TOKYO • Japan yesterday unveiled its first stealth fighter jet, with the maiden test flight planned for next month.
The defence ministry's acquisition agency showed off the domestically developed, radar-dodging X-2 fighter at a heavily guarded hangar at a regional airport near the central city of Komaki.
Its first flight is scheduled in mid-February before delivery to the defence ministry by the end of March next year, the agency said.
The X-2, developed by Mitsubishi Heavy Industries, was built as a successor to the F-2 fighter jets developed jointly with the United States.
Japan has reportedly spent about 39.4 billion yen (S$474 million) to develop the red-and-white-painted aircraft, which at 14m in length, is smaller than a standard jet fighter.
It is unarmed and its engines are underpowered, according to the Wall Street Journal, which said it would take many years for Japan to develop the X-2 into an actual warplane.
Currently, only the United States, Russia and China have been internationally recognised as having successfully developed and flown manned stealth jets.
Quoting analysts, the Wall Street Journal said that rather than aiming to build its own plane, Japan may be signalling its hopes of joining the US or other allies in developing a fighter through an international partnership - a way for allies to develop more expensive weapons systems. By unveiling the X2, Japan is showing that it can bring something to the table.
"In order to participate in a project as an equal partner, Japan has to offer knowledge, experience or technologies worthy of an equal partner," aerospace analyst Yoshitomo Aoki told the newspaper.
Defence officials said yesterday they would decide by March 2019 whether to make a fighter domestically, develop one with international partners or import one. They said they had begun exchanging information with other countries but declined to name them.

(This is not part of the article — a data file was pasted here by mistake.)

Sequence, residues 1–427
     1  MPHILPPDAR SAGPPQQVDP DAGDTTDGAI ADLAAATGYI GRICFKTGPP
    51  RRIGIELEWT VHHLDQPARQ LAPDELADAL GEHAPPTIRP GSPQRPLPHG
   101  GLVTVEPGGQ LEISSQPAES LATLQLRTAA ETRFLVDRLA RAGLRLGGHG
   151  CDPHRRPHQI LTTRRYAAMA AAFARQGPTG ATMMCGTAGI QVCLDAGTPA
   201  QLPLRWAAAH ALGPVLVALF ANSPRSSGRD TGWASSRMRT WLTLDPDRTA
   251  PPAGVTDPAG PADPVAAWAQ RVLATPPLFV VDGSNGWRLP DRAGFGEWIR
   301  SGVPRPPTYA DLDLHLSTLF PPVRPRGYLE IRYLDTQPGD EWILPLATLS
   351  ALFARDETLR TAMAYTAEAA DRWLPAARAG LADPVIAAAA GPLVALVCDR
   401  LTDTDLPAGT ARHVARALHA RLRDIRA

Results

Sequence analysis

The X-2's stealthy features include a special coating on the canopy that houses the pilot, as well as a carbon-fibre composite material that absorbs radar waves, Mr Hirofumi Doi, programme manager at the defence ministry's procurement agency, was quoted as saying in an interview before the unveiling.
Demonstrating these and other technologies "puts them in a better position to negotiate with foreign manufacturers on the specifications and technologies involved in any joint development project", Mr Lance Gatling, president of Nexial Research, an aerospace consulting firm, told the Wall Street Journal.
The X-2 will also bolster Japan's defences in another way, Mr Doi said. He said that as China and Russia had developed radar-evading jets, "we can come up with countermeasures by learning what stealth technology is all about".
The X-2 also reflects the growing ambitions of Mitsubishi, which made the legendary World War II-era Zero fighter and now makes wings for the Boeing 787 jetliner.
In November, Japan's first domestically produced passenger jet, also developed by Mitsubishi Heavy, made its maiden test flight, a landmark development for the country after being barred from developing aircraft following its defeat in World War II.
Mr Mitsuru Hamada, chief engineer in its integrated space systems division, said he hoped Japan would decide to build a fighter.